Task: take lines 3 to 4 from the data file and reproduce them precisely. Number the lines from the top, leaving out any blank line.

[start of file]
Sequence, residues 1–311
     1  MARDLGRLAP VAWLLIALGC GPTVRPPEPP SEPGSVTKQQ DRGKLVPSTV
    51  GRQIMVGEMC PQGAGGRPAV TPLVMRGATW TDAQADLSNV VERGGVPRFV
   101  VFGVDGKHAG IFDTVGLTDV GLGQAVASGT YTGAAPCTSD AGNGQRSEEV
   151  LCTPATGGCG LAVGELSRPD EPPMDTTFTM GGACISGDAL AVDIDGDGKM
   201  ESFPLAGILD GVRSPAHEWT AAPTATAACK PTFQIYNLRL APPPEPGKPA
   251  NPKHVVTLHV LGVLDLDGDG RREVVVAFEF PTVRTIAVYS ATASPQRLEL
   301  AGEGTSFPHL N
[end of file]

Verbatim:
    51  GRQIMVGEMC PQGAGGRPAV TPLVMRGATW TDAQADLSNV VERGGVPRFV
   101  VFGVDGKHAG IFDTVGLTDV GLGQAVASGT YTGAAPCTSD AGNGQRSEEV